July 2 Michael Morris, 55, 45 Banburry Lane, Bloomfield, violation of probation. Thomas Wojcik, 21, 156 Ellsworth Blvd., sixth-degree larceny from building, first-degree criminal trespass. Joseph Diraffaele, 29, 230 Burgundy Hill Rd., Middletown, threatening, second-degree harassment non-threatening. Melissa Blair, 25, 14 Spring Valley Dr., operating under the influence of drugs/alcohol, refusal to submit to chemical test, reckless driving, operating under suspension, violation of protective order/threatening. July 3 Heidi Zacher, 41, 17 Brick Walk Lane, Newington, disorderly conduct/assaultive. James Green, 50, 15 Ridge St., North Haven, fourth degree con/larceny other, second-degree forgery, issuing a bad check.

market place 203.238.1953

Build Your Own Ad @


LOST & FOUND FOUND KEYS on Corner of Alden La., Wlfd. Mazda keys & house keys. (203) 265-0008 IMPOUNDED Yellow Lab, male, vicinity of Deming Rd, Berlin. Call Berlin Animal Control (860) 828-7055





High Unemployment, Record Debt, Runaway Federal Spending, Government Takeovers...

This newspaper makes every effort to avoid errors in advertisements. Each ad is carefully checked and proofread, but when you handle thousands of ads, mistakes do slip through. We ask therefore, that you check your ad on the FIRST day of publication. If you find an error, report it to the

Had Enough? Vote Ann! It’s time we had a Congressperson who truly represents our interests. That person is Ann Brickley - the endorsed candidate. Ann is NOT a career politician. She is a Professional Engineer and will bring common sense and fiscal sanity to Congress. Ann has spent her entire professional career helping some of the best companies in the world become more effective and competitive. Isn’t that exactly the kind of leadership we need in Washington, DC?

CHEVY Lumina 1996 PS/PB, AC, Auto $1695. Buy Here - Pay Here!

Marketplace IMMEDIATELY by calling 1169278


Loehmann-Blasius ChevroletCadillac Has Been Helping Customers and Our Community for Over 75 Years. Let Us Help Rebuild Your Future and Your Credit, Together. We Change Lives. Call Cindy 888-879-1616

CADILLAC DTS #2289 We have many loan programs available regardless of credit problems. Guaranteed Loan Approval Apply Now Pauly 1-866-879-1616


Paid for by Brickley for Congress - John Wooley, Treasurer


ACURA TL 4 Door Sedan #2329 Filed bankruptcy or even a repo, we at Loehmann-Blasius Chevrolet Cadillac can help. Guaranteed Loan Approval Apply Now Coz 1-866-879-1616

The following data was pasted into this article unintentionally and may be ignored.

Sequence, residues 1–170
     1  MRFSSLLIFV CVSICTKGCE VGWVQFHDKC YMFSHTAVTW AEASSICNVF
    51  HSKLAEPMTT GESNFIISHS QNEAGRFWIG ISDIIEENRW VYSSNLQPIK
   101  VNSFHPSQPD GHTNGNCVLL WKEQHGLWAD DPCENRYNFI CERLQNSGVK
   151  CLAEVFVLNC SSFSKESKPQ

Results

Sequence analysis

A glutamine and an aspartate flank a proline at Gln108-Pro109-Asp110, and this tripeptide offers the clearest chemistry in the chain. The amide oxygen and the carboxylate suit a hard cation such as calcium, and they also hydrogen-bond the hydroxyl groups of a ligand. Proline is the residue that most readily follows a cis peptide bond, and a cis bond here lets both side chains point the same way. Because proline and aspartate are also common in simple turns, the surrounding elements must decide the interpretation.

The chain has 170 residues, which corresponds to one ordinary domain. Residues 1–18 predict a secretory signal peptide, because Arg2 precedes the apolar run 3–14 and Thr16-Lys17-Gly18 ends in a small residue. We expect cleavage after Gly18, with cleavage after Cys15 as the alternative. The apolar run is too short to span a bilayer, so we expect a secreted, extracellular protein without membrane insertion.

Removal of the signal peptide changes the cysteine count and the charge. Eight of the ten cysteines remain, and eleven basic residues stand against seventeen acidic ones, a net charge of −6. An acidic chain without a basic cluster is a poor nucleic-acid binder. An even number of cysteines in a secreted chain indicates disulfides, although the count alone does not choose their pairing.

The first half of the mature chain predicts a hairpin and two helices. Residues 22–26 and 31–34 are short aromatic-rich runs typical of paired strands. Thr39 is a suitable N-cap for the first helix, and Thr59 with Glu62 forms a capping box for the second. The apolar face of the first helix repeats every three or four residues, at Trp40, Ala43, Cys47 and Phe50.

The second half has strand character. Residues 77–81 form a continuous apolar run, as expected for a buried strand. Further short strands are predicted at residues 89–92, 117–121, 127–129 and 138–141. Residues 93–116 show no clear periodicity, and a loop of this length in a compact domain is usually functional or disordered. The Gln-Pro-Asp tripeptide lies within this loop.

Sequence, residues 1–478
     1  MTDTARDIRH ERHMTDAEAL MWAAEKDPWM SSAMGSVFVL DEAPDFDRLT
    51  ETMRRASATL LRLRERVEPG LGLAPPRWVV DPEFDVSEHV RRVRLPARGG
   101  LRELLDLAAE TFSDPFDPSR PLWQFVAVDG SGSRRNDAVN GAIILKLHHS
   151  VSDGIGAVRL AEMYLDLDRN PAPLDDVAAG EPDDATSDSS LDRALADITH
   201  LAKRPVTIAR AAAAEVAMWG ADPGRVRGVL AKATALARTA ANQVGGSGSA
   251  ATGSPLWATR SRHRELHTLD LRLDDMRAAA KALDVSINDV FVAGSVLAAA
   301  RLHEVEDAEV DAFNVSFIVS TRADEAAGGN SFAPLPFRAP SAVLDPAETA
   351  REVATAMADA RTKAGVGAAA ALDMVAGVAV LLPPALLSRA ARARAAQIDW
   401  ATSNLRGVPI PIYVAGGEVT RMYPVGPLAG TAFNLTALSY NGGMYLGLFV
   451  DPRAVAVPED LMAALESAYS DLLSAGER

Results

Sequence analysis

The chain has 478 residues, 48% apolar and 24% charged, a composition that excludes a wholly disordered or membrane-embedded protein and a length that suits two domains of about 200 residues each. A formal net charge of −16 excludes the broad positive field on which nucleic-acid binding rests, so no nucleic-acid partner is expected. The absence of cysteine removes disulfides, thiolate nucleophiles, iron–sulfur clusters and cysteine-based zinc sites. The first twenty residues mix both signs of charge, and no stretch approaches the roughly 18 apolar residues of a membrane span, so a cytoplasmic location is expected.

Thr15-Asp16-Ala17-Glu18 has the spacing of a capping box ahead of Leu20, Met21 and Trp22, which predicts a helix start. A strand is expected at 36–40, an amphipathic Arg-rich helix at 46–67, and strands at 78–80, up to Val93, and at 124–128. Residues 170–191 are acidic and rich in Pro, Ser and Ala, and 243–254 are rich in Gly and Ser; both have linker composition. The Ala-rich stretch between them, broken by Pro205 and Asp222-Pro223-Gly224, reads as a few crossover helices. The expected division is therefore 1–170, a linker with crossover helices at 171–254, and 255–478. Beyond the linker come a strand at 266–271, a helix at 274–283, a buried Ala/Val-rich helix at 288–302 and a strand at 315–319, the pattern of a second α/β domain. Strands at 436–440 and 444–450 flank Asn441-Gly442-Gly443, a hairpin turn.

Political Advertisement

Vote for Ann Brickley in the Republican Primary August 10th


203-238-1953 before 5pm Mon-Fri

8 Beaumont Rd, Wallingford “The Walking Man’s Friend”

We regret that we will not be responsible for more than ONE incorrect insertion and only for that portion of the ad that may have been rendered valueless by such an error.

Looking for a friend? Find litters of critters in Marketplace.


The Berlin Citizen — Thursday, August 5, 2010 AUTOMOBILES

CADILLIAC Deville 2000 Silver metallic Good to excellent condition 203-314-4481


HYUNDAI 2001 Sonata GLS Excellent - $3750 OLD Cutlass 1986 68k Like new - $3950 VOLVO 850 1995 Very clean. $1950 (203) 213-1142

AUTOMOBILES NISSAN Altima 2004 light pewter color, 4 cylinder, auto, great cond, low miles, extra set of tires with rims, asking $9500 or best offer. Call 203-269-8407 ROBERTS CHRYSLER DODGE Quality Pre-Owned Vehicles. 120 So. Broad St, Meriden, CT 203-235-1111

AUTOMOBILES TOYOTA Camry Station Wagon, 1996. Excellent condition, all options. New tires. $3,000. Call 203-265-4039



JEEP Cherokee Grand Laredo 1995 6 cyl, auto, all power. VCR w/screen incl. Engine replaced 2 yrs ago. All maint records. Needs trans work. $1500/best. 203-634-4347 or 203-823-0584


CHEVY MALIBU 2002 4 speed, Auto. V6. #DR1199 $3,488 BUY HERE - PAY HERE! Down payments as low as $588 Plus tax & reg. (203) 269-1106 PONTIAC Grand Prix SE1 2002 Stock# DR1115 $3,988 30 Day 1,500 MILE WARRANTY BUY HERE - PAY HERE! Down payments as low as $588 Plus tax & reg. (203) 269-1106